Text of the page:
Fox waited for several years until disclosing his condition to the public. He is semi-retired from acting, but has become a strong advocate for research toward finding a cure. He created the Michael J. Fox Foundation, and he has been given many awards and honorary degrees for his tireless work for those afflicted with Parkinson’s. In his first book, aptly named Lucky Man, Fox speaks of his initial denial of the disease, drinking to excess, and generally giving up. But Fox is now sober, embracing his disease, and concentrating on being an advocate for others. His second book, Always Looking Up: The Adventures of an Incurable Optimist describes his life between 1999 and 2009, with much of the book centered on how Fox began campaigning for stem-cell research. A prime-time special, Michael J. Fox: Adventures of an Incurable Optimist, which aired in 2009, saw the actor discussing his condition, his family, and his work.


Michael J. Fox is a prime example of an individual who turned a devastating diagnosis into a positive, life-giving message for others with debilitating diseases and disabilities. Life could have spiraled downward for Fox, leaving him bitter and depressed. But instead, he has used the gifts that he had—notoriety and the public’s ear—to transform his life into a living sacrifice for his fellow sufferers. Though his life may not have turned out the way he expected, his legacy will be far greater than that of a Hollywood superstar.


Lord, bless those who live with life-changing conditions and bless those who give so much back for their sake. Amen


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Jesus Christ in the CloudsIn the beginning was the Word, and the Word was with God, and the Word was God. John 1:1


Once when I was visiting my parents out of state, my father took me to the public library to print off my boarding pass for the trip home. My parents never owned a computer, but my father was fascinated with how easily I navigated my way around the airline’s website. He was particularly interested in how I could type something, but if I made a mistake, I could simply delete it and type in the correct words. My dad was very organized and spent a good deal of time typing out lists and instructions and personal letters, all on an old Smith Corona typewriter. I too learned to type long before computers. Young people today do not realize how frustrating it was to complete an entire document only to find an error. The only thing to do was to retype the entire piece.


I often think about the dedication of the people long ago who wrote longhand translations of the Bible in various languages. Then came the printing press and all the type setting that had to be done. What a grueling job. What if no one had ever taken the time to make the words of the Bible available to others? Such perfect words would have been lost forever. But that was not God’s plan. He set those people in the right places at the right time with the right technology to complete the job of passing His Word down through the ages. Isaiah 55:11 quotes God as saying, “So shall My word be that goes out from My mouth; it shall not return to Me empty, but it shall accomplish that which I purpose, and succeed in the thing for which I sent it.” God’s Word is His very essence coming to us for His purposes. How we receive it and what we do with it is of utmost importance.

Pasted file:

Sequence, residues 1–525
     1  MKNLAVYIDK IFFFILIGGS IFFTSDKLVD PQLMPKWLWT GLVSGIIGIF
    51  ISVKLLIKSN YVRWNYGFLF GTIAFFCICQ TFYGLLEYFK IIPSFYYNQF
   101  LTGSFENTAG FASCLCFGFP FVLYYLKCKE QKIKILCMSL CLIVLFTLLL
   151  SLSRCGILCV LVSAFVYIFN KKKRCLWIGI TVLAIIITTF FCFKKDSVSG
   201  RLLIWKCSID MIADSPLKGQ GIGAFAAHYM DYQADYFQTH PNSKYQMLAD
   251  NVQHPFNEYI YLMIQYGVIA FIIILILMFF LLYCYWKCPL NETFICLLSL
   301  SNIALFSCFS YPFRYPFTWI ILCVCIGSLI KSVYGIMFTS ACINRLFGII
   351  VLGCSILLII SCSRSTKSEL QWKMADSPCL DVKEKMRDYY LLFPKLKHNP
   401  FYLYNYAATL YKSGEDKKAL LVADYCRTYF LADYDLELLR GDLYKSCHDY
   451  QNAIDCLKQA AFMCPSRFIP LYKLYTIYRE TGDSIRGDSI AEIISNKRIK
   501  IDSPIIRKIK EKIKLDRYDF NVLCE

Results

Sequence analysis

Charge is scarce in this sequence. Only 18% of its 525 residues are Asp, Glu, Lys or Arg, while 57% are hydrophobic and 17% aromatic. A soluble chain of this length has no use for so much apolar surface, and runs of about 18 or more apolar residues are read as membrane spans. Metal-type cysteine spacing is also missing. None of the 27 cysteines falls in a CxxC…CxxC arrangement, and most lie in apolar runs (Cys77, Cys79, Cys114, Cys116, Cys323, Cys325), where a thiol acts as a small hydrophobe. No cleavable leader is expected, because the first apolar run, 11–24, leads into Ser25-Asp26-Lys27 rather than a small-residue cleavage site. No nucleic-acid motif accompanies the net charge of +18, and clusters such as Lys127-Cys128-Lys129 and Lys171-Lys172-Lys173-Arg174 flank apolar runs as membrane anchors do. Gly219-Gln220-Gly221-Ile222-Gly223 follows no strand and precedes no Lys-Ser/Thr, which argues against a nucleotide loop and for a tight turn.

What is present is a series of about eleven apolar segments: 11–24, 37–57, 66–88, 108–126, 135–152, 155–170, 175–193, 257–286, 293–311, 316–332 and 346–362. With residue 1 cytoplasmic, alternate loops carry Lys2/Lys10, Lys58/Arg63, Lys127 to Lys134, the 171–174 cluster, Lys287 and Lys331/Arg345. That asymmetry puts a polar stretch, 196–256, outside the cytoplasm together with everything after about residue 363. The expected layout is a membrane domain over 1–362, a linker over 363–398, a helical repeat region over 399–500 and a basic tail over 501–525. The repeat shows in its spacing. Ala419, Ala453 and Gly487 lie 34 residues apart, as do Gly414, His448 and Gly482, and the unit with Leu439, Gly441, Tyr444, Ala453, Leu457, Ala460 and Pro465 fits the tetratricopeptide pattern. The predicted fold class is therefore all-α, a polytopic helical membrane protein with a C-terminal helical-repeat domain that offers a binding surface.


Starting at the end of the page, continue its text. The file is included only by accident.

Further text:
I don’t profess to understand everything about computers, but I still find them critical to my writing. Even though we may struggle to comprehend every nuance in the Bible, God’s Word is critical to our journey here on earth as well.


You are the Word, Lord, and Your Word is life to us. Amen


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Ask, and it will be given you; search, and you will find; knock, and the door will be opened for you. Matthew 7:7


Yes, I know today’s Scripture doesn’t say, “Text and you will receive a text from Jesus.” But what if the Lord started sending us signs via text messaging? What would those look like? I’m not very “text savvy,” a detriment to my image with my ten grandchildren. But I’ve learned a fair amount from them. I thought BTW meant “bring the wheelchair,” but it turns out, it stands for “by the way.” And TTYL means “talk to you later,” not “louder.” So if I can figure this out, I’m quite sure Jesus would be a whiz at it.


So your smart phone makes that little sound that signals a text message coming in. You don’t have Jesus in your address book, but He has more power than the cell companies, so His name appears clearly at the top of the message. The message says, IMU, which means “I miss you.” Please do not text back OMG. That would most certainly offend your Lord and Savior. If you text back, BBZL (“been busy lately”), He might say, HT? (“how’s that?”). You say, LIAB&U? (“life is a bear, and you?”). He says, IKICI (“I know, I created it”). Then He adds, STBU, which the kids think means “sucks to be you.” But Jesus actually means “so try better understanding.” Next, you text HOW? (“how?”), and Jesus fires back RYBIFU (“read your Bible, it’s for you”). WDIS? from you (“where do I start?”). PG1 He says (page 1). OIC, you text (“oh, I see”). Then you add, CLESS (“clueless”), to which Jesus responds, IWSU (“I will show you”). You go get your Bible and open it to Genesis 1:1, and suddenly you are flooded with an intense understanding of the words printed therein. It’s like they are A&W (“alive and well”) and M&B (“moving and breathing”). You reply, IGIN! (“I get it now!”). Jesus says, TTYLF, which the kids think means “talk to you later, friend,” but He really means, “the thing you longed for.”


Jesus doesn’t really need to text with us because He can actually talk to us without a phone. All we have to do is listen.


Deliver us from technology, Lord, and talk to us Your way. Amen